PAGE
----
Building an API for VR and 360

In the last article, we looked into what you need to build a 360 player. and what is required for the same. This week, let’s look at what we need to build an API for VR and 360 content.

API for VR and 360 content

360 images and 360 videos are currently being used to tell a story, showcase a property, share the surrounding and so on. In these scenarios, there is often more than one 360 image or 360 videos being used. In these cases, managing 360 content becomes a concern.

When dealing with a lot of images, you’re not sure how to store them, how to retrieve them and how to serve them. This one of the reasons for building this as an API. And think of the possibilities with 360 content. You can make virtual tours of all shapes and sizes, galleries, 360 guides and so on.

Current solutions

Let’s look at the current solutions that are tried out by people without the API to solve the problems with 360 content.

Viewer only solutions

Krpano and pano2VR provides tools to display and create 360 virtual tours and galleries. The workflow with them usually looks something likes this:

  1. Run the script to generate the required code. For example, in KRpano, you can drag and drop the pano to the script make pano and you would get the html code for the item.
  2. Upload the code to your server, along with the generated images and tiles.
  3. Embed the page to the actual page you’re using

The advantage of something like Krpano is that you don’t have to worry about the frontend code to display 360 content. You don’t need to learn WebGL or its complexities.

But it also has its problems. You need to handle rest of the workflow manually. You need to upload the code and images after generation manually. This is fine for couple of images, but when the amount of content increases, this quickly becomes a pain.

Another problem with this solution is that it only provides solution for using on the web. If you need to use it on other platforms, you need to find a way to build them on your own.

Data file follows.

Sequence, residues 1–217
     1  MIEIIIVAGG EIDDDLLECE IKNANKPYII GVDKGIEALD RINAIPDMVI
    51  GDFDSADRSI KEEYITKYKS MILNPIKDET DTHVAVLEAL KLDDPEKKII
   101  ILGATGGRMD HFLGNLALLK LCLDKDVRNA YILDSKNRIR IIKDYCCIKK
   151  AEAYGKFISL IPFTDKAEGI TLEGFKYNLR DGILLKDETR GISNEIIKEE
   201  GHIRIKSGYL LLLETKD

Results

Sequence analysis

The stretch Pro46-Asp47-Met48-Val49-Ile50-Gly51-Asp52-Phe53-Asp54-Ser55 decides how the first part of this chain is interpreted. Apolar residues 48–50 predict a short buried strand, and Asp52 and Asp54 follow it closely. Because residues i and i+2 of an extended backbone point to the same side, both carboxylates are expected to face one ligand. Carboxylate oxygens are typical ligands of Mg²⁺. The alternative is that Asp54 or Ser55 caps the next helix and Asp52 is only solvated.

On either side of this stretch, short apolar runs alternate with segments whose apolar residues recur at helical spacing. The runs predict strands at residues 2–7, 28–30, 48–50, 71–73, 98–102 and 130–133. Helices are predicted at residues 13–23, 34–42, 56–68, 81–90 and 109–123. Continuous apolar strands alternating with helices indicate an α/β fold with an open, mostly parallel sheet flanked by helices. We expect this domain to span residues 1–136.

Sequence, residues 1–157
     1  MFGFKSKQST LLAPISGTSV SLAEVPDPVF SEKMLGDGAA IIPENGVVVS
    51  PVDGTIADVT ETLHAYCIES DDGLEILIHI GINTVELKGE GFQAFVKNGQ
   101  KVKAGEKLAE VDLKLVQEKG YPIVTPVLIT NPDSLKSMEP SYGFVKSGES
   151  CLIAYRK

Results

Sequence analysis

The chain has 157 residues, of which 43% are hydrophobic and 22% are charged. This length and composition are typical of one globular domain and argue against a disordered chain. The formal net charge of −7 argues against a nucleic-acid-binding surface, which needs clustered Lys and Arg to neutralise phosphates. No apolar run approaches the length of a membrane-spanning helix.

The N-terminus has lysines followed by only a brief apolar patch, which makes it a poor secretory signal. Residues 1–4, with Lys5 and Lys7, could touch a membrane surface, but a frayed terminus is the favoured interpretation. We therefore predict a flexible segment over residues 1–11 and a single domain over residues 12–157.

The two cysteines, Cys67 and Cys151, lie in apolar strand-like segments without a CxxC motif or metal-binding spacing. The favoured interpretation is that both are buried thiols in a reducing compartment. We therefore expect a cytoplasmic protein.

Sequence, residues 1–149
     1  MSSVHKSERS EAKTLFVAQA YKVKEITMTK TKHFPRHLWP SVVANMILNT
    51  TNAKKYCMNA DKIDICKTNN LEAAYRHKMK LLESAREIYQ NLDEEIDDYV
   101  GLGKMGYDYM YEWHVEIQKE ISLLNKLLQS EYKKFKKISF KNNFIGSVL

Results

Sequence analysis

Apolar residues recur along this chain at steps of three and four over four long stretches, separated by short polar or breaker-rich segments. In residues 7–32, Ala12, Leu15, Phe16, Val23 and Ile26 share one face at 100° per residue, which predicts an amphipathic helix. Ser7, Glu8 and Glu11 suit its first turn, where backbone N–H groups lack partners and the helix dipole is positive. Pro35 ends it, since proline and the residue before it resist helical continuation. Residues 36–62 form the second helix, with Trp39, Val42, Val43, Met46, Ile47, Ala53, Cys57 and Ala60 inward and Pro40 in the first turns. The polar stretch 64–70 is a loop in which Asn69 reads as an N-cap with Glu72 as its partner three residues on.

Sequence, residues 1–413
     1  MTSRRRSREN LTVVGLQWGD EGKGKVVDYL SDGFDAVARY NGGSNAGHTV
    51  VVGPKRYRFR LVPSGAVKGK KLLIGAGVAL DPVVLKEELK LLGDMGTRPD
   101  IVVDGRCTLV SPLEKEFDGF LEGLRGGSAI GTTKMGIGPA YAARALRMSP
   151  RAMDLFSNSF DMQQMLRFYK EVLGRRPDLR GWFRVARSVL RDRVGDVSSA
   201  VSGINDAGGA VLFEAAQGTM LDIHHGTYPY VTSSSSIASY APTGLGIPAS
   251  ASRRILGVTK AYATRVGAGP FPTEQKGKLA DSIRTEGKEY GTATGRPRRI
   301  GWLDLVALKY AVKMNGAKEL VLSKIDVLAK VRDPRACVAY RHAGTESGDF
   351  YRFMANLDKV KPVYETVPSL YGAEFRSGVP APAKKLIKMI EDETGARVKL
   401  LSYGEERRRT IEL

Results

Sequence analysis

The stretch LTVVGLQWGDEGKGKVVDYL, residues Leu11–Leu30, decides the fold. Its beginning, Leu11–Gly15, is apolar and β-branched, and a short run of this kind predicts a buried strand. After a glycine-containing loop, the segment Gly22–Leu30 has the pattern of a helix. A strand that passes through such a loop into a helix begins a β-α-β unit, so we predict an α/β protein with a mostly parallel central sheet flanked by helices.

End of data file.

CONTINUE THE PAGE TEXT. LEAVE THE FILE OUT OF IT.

Unity solution

Another method is to use Unity. Unity is a popular option for building VR applications on platforms such as Gear VR, Vive and Rift. Unity provides some solutions for displaying 360 content.

But it doesn’t do anything regarding optimizing the content or managing the content since the backend needs to be built by the user. And even though Unity claims WebVR compatibility, it is not solid on that front.

Youtube and Facebook for 360 videos

Another option with hosting is to use Youtube or Facebook. With this option, you can upload 360 videos (360 photos also in Facebook). With this solution, the media is hosted by the platform and optimized for viewing.

But it doesn’t give you any customization options on how the content is displayed. It also doesn’t give much options in cross platform viewing of the 360 content. The content you upload to those platforms are locked to those platforms and vendors.

Custom setup

With this solution, you can build a custom solution from ground up. You can build backend with image optimizations, custom workflows, servers that processes and stores the images. You also have to build frontend applications that can display them on the different VR platforms.

Apart from all the development costs that this method will give you, you also need to be on top of latest development in VR tech, so that you can update your platform SDKs based on the changes. Anyone can see why this is not an ideal solution for any business to build a custom solution.

  1. It takes a lot resources and time
  2. It is expensive
  3. Have to invest in multiple technologies
  4. Keep up with latest changes in VR

With this in mind, let’s see what we can do better.